Both. Personally, my life always feels like it’s going so slowly, but for some reason it still seems like I’m getting old incredibly fast. But there’s no choice other than to fear and embrace the passing of time. While I don’t look forward to getting older per se, I’m excited about (hopefully) being really old someday because I think I will be great at being a weird old lady. When I’m walking to work on the Upper East Side, I pass these little old ladies in their leopard print berets and big sunglasses and fuchsia lipstick and am taking notes because I’m secretly planning a fabulous wardrobe for when I’m old.
I love that you are already planning your future wardrobe. I look forward to being (hopefully) wiser, and more refined. Is that something you are looking forward to as well? Or do you think that’s something we can start doing today, in our younger years?
I think what’s important specifically in terms of aging well is to drink more water and don’t forget to put lotion on your neck.
The squirrel in the story is funny and it pivots some of the characters against nature. How do you feel about animals and nature?
That’s an excellent question and now that you mention it, I think the squirrel is actually the personification of my own pathetic, toothless misanthropy. When I was writing this story, I was going through a phase where I was trying out nihilism a little bit because cancer is a relevant occasion for nihilism. You can’t stop cancer. You can’t control it. It’s this slow-moving, unstoppable, gruesome, unfair, profane, meaningless disaster that happens. There’s no point and no good reason and no silver lining.
But, there’s also the realization that no matter how big or dramatic your problems feel to you personally, they are of equal relevance to a squirrel’s in the greater order of the cosmos. That sounds so negative, but it’s actually humbling and awe-inspiring to remember how small your existence really is. So for me, it’s important to be emotionally honest about difficult circumstances because sometimes life is just shit and the only way through it is feeling however you feel.
Your story contains moments of magical realism, where dreams and visions blur into real life. Moments like when Rob sees his brother hatch from an egg with egg beater hands, or the light Bert sees at the end of the tunnel. Do you view everyday life as magical, or extraordinary?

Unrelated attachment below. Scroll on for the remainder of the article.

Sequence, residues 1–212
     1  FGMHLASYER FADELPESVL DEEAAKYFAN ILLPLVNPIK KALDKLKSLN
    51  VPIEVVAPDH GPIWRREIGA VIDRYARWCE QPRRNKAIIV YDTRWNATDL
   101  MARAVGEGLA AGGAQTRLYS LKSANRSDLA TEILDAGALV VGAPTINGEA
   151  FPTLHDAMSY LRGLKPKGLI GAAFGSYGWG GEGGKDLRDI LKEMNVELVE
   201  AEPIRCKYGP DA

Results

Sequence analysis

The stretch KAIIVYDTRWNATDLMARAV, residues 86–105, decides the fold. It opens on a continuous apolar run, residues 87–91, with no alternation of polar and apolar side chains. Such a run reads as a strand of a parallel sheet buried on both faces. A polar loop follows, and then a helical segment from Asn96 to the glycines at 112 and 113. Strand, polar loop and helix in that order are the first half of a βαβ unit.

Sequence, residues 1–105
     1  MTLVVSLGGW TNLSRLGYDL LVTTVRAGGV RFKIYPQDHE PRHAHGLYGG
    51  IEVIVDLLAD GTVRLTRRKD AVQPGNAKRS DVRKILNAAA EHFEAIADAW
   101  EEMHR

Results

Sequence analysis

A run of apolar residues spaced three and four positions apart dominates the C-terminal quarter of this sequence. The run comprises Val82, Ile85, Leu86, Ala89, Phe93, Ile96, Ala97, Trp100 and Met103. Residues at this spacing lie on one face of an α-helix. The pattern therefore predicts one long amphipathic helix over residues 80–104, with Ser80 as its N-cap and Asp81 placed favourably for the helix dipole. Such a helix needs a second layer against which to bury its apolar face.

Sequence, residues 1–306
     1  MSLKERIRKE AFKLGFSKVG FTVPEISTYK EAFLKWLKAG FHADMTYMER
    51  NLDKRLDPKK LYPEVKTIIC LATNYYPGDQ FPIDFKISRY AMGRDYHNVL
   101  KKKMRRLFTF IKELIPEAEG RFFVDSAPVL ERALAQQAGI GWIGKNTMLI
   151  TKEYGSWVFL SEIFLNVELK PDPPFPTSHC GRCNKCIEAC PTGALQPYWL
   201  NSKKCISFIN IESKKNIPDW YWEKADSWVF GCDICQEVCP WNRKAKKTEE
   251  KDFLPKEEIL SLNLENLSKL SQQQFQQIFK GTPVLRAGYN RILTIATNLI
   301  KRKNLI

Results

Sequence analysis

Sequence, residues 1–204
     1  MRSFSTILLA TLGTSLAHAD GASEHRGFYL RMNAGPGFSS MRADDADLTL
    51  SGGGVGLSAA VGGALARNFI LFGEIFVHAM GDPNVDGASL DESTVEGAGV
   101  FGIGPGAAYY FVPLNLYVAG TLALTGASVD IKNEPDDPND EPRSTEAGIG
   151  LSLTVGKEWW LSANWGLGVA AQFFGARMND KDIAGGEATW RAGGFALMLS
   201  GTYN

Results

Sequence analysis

I think I’m interested in how the surface texture of reality has changed rapidly as a result of technology. I’m interested in how literary realism attempts to respond to an accelerated, interconnected, image-driven world. I’m also interested in how consciousness works and how the human mind constructs reality especially as technology improves at replicating the human mind and the human mind changes in response to technology.
So I like to explore states of consciousness, and I like to write narrative circumstances where alternate interpretations of what is happening are all equally possibly true and where there isn’t necessarily any need to resolve the truth.
How has the novel, The End of Vandalism by Thomas Drury, influenced your writing?
Well, it’s an extraordinary work of literary realism because of how Drury cannily toys with style. The End of Vandalism isn’t a book I’m sure how to approach critically. It’s a book I keep near my desk and read a little of at random to get the prose in my ear before I start writing. There’s something very lively in the beats of wry, easy humor. It’s the kind of book that wakes me up and reminds me of how much is possible in fiction. Also, it’s one of the most hilarious books I’ve ever read.
Are there any upcoming projects you are working on that our audience can look forward to?
I’ve been working on a short story all year long and it’s still not done. I am probably the slowest writer in the world.